Golden St. Trans. v. Los Angeles, 493 U.S. 103 (1989)
U.S. Supreme CourtGolden St. Trans. v. Los Angeles, 493 U.S. 103 (1989)
Golden State Transit Corp. v. City of Los Angeles
Argued Oct. 3, 1989
Decided Dec. 5, 1989
493 U.S. 103
After this Court held that respondent city had violated federal law by conditioning the renewal of petitioner's taxicab franchise on settlement of a pending labor dispute between petitioner and its union, Golden State Transit Corp. v. Los Angeles, 475 U. S. 608 (Golden State I), the District Court enjoined the city to reinstate the franchise. However, the court concluded that § 1983 did not authorize a compensatory damages award, since the Supremacy Clause does not create individual rights that may be vindicated in an action for damages under § 1983; and since, even though the city's conduct was preempted by the National Labor Relations Act (NLRA) under Golden State I, there had been no "direct violation" of the statute, and the Act's comprehensive enforcement scheme precluded resort to § 1983. The Court of Appeals affirmed.
Held: Petitioner is entitled to maintain a § 1983 action for compensatory damages. Pp. 493 U. S. 105-113.
(a) The Supremacy Clause, of its own force, does not create rights enforceable under § 1983. The Clause "is not a source of any federal rights"; rather, it "secure[s]' federal rights by according them priority whenever they come in conflict with state law." Chapman v. Houston Welfare Rights Organization, 441 U. S. 600, 441 U. S. 613. Pp. 493 U. S. 107-108.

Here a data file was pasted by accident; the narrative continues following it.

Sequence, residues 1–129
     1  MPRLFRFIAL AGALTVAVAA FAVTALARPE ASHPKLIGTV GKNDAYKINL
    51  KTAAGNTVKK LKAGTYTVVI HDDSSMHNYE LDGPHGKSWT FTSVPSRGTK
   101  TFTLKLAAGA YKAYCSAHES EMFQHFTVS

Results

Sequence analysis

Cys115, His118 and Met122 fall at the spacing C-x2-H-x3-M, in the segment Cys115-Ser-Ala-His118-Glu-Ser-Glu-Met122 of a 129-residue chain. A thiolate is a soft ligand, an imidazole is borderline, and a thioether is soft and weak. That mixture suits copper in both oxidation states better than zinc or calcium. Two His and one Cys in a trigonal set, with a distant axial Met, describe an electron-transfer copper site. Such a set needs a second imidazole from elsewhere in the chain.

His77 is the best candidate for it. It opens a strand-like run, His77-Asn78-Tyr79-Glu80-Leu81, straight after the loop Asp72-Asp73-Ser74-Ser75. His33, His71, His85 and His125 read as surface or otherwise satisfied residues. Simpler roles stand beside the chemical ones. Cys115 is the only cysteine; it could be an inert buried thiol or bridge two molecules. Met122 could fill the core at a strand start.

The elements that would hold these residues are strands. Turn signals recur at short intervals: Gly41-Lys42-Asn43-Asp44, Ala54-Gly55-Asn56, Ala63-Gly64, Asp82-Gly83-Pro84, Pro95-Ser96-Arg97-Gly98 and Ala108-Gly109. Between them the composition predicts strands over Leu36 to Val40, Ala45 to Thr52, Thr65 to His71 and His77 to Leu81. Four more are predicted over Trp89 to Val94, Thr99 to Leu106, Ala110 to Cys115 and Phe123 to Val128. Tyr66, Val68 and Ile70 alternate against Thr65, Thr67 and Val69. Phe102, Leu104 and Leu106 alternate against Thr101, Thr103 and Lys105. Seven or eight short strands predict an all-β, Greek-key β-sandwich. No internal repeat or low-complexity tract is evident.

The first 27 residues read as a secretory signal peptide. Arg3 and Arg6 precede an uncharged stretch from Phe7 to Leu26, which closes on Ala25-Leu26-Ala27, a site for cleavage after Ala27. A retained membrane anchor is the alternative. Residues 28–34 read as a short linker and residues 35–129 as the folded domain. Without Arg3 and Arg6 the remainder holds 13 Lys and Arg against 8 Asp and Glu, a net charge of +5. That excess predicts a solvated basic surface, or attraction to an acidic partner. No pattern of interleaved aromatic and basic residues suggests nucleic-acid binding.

(b) However, the NLRA grants petitioner rights enforceable under § 1983. A § 1983 remedy is not precluded by the existence of a comprehensive enforcement scheme, since the NLRA provides no mechanism to address state interference with federally protected labor rights. Moreover, the city's argument that its conduct did not violate any rights secured by the NLRA is rejected, since petitioner is the intended beneficiary of a statutory scheme that gives parties to a collective bargaining agreement the right to make use of "economic weapons," not expressly set forth in the NLRA, free of federal or state governmental interference. Machinists v. Wisconsin Employment Relations Comm'n, 427 U. S. 132, 427 U. S. 150. The violation of a federal right that is implicit in a statute's language and structure is as much a "direct violation" of a right
as is the violation that is clearly set forth in the text of the statute. Pp. 493 U. S. 108-112.
857 F.2d 631 (CA9 1988); reversed and remanded.
STEVENS, J., delivered the opinion of the Court, in which BRENNAN, WHITE, MARSHALL, BLACKMUN, and SCALIA, JJ., joined. KENNEDY, J., filed a dissenting opinion, in which REHNQUIST, C.J., and O'CONNOR, J., joined, post, p. 493 U. S. 113.